Crown Organisations Bill 2nd Reading - Goff
Crown Organisations (Criminal Liability) Bill – second reading
(NB – delivered late evening October 10th – Bill is still in second reading stage with the House to resume under urgency this morning at 9am)
I would like to thank the Law and Order Select Committee for the work they have done on the Crown Organisations (Criminal Liability) Bill.
The purpose of the Bill is to remove the Crown’s exemption from prosecution for offences under the Building Act 1991 and the Health and Safety in Employment Act 1992. This was a key recommendation of Judge Graeme Noble in his report into the Cave Creek tragedy.
Departments have always had to comply with these Acts, but because they are exempt from prosecution, it is more difficult to enforce departmental compliance.
The removal of the exemption will provide incentives for the Crown to avoid instances of systemic failure and will provide for greater accountability if a breach does occur.
The Government believes that there is no justification for allowing its departments to be exempt from health and safety and building laws that we require every other New Zealand business to abide by.
This legislation will ensure greater accountability of Crown organisations and will promote compliance with the Acts. There have been some amendments to the Bill through the Select Committee process. One of the main changes relates to the imposition of fines against Crown organisations.
The Bill as introduced made Crown organisations liable, on conviction for an offence, to the same penalties that could be imposed on any body corporate convicted of the same offence.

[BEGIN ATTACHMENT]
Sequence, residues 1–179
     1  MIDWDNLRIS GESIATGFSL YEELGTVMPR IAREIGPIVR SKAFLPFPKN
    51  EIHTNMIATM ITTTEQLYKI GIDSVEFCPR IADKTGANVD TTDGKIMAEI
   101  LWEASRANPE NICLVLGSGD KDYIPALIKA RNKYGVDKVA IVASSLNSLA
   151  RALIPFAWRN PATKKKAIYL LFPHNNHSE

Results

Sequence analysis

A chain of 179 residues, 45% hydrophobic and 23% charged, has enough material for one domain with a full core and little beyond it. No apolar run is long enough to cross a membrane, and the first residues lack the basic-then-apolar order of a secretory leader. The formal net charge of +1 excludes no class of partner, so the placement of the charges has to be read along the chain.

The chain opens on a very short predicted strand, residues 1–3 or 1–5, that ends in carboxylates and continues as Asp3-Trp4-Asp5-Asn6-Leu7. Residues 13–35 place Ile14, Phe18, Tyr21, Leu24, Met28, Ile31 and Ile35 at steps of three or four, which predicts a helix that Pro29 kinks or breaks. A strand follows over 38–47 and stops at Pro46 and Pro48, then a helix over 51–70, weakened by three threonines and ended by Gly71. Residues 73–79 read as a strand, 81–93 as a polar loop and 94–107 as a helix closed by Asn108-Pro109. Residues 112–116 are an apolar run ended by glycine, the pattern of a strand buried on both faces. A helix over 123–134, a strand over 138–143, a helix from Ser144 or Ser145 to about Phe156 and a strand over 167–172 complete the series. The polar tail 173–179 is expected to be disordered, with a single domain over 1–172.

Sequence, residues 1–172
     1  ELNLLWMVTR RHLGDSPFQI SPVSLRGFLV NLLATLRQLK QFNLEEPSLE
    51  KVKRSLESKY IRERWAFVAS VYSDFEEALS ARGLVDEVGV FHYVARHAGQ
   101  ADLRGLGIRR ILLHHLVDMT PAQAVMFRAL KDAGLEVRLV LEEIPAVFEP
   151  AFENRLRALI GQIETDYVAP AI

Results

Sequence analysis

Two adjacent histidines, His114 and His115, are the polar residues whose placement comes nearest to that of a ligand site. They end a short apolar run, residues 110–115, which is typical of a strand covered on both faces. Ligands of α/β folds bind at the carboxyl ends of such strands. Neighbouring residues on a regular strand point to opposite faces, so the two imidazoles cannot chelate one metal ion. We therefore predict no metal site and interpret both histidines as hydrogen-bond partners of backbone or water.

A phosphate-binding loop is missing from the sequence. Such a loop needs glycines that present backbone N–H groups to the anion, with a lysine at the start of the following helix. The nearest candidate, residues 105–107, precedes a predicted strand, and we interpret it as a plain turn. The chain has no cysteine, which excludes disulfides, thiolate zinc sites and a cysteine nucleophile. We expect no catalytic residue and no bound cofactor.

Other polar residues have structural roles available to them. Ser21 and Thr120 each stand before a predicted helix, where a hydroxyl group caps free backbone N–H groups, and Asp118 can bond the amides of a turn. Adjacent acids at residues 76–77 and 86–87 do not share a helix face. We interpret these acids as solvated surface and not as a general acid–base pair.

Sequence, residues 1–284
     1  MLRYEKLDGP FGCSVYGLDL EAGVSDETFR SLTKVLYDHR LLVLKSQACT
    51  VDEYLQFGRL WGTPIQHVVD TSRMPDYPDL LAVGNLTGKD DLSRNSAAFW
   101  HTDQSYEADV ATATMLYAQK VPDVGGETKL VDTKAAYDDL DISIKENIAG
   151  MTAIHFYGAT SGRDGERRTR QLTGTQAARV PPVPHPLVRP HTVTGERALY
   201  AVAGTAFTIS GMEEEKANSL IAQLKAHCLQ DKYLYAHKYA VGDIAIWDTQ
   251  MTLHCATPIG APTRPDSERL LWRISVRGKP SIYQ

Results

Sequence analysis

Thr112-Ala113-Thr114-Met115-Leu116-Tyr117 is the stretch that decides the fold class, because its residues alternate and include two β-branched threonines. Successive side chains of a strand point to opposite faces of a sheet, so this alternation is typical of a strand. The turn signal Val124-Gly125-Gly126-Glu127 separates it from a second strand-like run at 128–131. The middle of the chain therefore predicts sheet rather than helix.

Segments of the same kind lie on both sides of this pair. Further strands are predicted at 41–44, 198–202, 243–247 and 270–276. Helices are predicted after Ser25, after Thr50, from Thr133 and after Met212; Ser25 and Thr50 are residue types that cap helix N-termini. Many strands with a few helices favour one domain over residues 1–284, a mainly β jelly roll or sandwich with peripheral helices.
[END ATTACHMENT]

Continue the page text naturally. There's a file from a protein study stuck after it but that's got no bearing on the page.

These penalties included the imposition of fines, an award of reparation to a victim and remedial orders.
However, after considering submissions questioning the appropriateness of fining government departments, the Committee recommended amending the penalty provisions as far as fines are concerned.
As noted by one submission, a Crown organisation may have to discontinue or curtail its activities in order to pay the fine.
This may be contrary to the public interest.
Further, any fine, less any amount ordered to be paid to the victim, is normally paid to the Crown.
To the extent that the funds of a particular Crown organisation may need to be topped up to pay a fine, then effectively public money will be going around in a circle.
Accordingly, the Committee recommended that a fine could still be imposed on a Crown organisation, but only the proportion of the fine that would be payable to a victim under criminal justice legislation.
The recently passed Sentencing Act 2002 abolished the power of the courts to award all or part of the fine to a victim and extended the power of the Court to award reparation to victims.
The Bill will, therefore, need to be amended in light of the new sentencing law to consequentially remove the provision allowing for the award of part of the fine to a victim.
The reparation provisions will continue to be available under the Bill, as extended by the Sentencing Act.
The result will be that a Crown organisation will not be able to be fined if convicted of an offence under the bill, but will still be able to be ordered to pay reparation to a victim in line with body corporates convicted of the same offence.
A change recommended by the Committee relates to those provisions in the Building and Health and Safety legislation that make senior management within a body corporate that has breached the Acts personally liable in certain circumstances.
The Committee considered that there is no reason why the same rules should not also be extended to apply to senior management in Crown organisations.
This will provide consistency with private sector organisations.
This legislation will ensure greater accountability of Crown organisations under health and safety and building legislation.
I am confident that it will assist towards helping prevent a similar tragedy to Cave Creek from happening again.
I commend the Bill to the House.